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Indybay FeatureRelated Categories: California | East Bay | Environment & Forest Defense | Health, Housing, and Public Services | Racial Justice
Chevron Richmond Refinery Call for Linking Profits to Safety
Community leaders question Chevron’s commitment to safety and concern for the Richmond community. A recent federal audit found that Cal/OSHA's industrial process safety unit was conducting "very few, if any" comprehensive workplace-safety inspections of refineries and chemical plants in the state.
Oakland, California September 17, 2012 - In response to the August 6, 2012 Chevron Richmond California refinery fire, the Bay Area Air Quality Management District (BAAQMD) held a meeting in San Francisco, CA to provide an overview of Bay Area Air Quality Management District’s actions.
Investigations by federal, state and local regulatory agencies in response to the incident have released information that cause community leaders to call into question industry best practices, the foundation for measuring safety. Recently, Cal-OSHA spokesman Peter Melton stated, “Chevron’s Richmond facility scores well in comparison with other Bay Area refineries” when addressing concerns about the companies safety record.
The Black Economic Council will be meeting with more than 100 Black pastors across California to consider a new approach to safety and profits that promotes safety above profits, but also encourages a profitable solution.
Community leaders question Chevron’s commitment to safety and concern for the Richmond community. Yolanda Lewis, Chief Deputy for the Black Economic Council responded to Hearne’s statistic that Chevron has decreased air emissions by 65% since the 1970’s.
“Imagine a system where profits were directly tied to the safety of a company’s products and / or services?” Lewis stated. “Do you believe that 65% would be an acceptable increase in profits since the 1970’s when gas was less than one dollar per gallon?”
The BEC will request a meeting with Chevron’s CEO in Richmond to meet with the Black community and Black pastors from all over California to devise a plan well beyond the capability of any state or federal regulatory authorities. Dr. J. Alfred Smith Sr., emeritus pastor of Allen Temple Baptist Church stated, “The sacred texts of our faith traditions remind us to not distort justice, and Deuteronomy 16: 20 says justice, and only justice, you shall pursue.”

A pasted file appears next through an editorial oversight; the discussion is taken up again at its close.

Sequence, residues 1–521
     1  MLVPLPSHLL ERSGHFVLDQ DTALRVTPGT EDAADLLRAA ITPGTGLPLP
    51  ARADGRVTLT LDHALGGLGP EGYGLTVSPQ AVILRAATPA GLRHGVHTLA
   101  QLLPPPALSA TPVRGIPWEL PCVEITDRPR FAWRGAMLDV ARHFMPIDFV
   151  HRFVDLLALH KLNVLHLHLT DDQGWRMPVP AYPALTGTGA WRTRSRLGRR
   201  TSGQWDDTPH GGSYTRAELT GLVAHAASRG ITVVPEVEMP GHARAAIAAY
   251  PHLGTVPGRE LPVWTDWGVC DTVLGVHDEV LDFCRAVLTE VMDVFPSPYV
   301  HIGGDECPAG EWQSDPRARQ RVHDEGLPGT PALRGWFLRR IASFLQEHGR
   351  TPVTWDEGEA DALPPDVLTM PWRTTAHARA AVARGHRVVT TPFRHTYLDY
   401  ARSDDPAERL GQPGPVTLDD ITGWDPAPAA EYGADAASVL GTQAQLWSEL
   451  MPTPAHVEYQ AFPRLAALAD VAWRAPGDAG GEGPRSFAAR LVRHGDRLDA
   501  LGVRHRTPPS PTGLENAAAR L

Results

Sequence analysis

Chevron Richmond refinery manager, Nigel Hearne, spoke on behalf of Chevron at the meeting to ensure regulators and the community that the oil giant believes that safety drives good business. Hearne stated that Chevron is committed to safety, and that any statements to the contrary are not accurate.
A recent federal audit found that Cal/OSHA's industrial process safety unit was conducting "very few, if any" comprehensive workplace-safety inspections of refineries and chemical plants in the state.
The Black Economic Council will host the 2nd Annual Game Changers and Bridge Builders Awards and Luncheon on Tuesday October 16, 2012 at the Marriott City Center 1001 Broadway Oakland, California 94610 from 10 AM to 2 PM. The event will showcase, for industry, regulators and the community, technologies that can reduce daily emissions for coal power plants, oil refineries and mines to meet and exceed current EPA standards.
An inventor, who has developed a technology solution to prevent the reoccurrence of the failed pipes due to sulfur corrosion, will receive an award at this event. Limited free registration for the event is available at http://becawards2012.eventbrite.com.
About The Black Economic Council
Headquartered in Northern California, the Black Economic Council (BEC) is a national 501(c)(3) non-profit organization established to further the economic platform of Black Americans and underserved communities by facilitating business development, sustainability and the creation of jobs.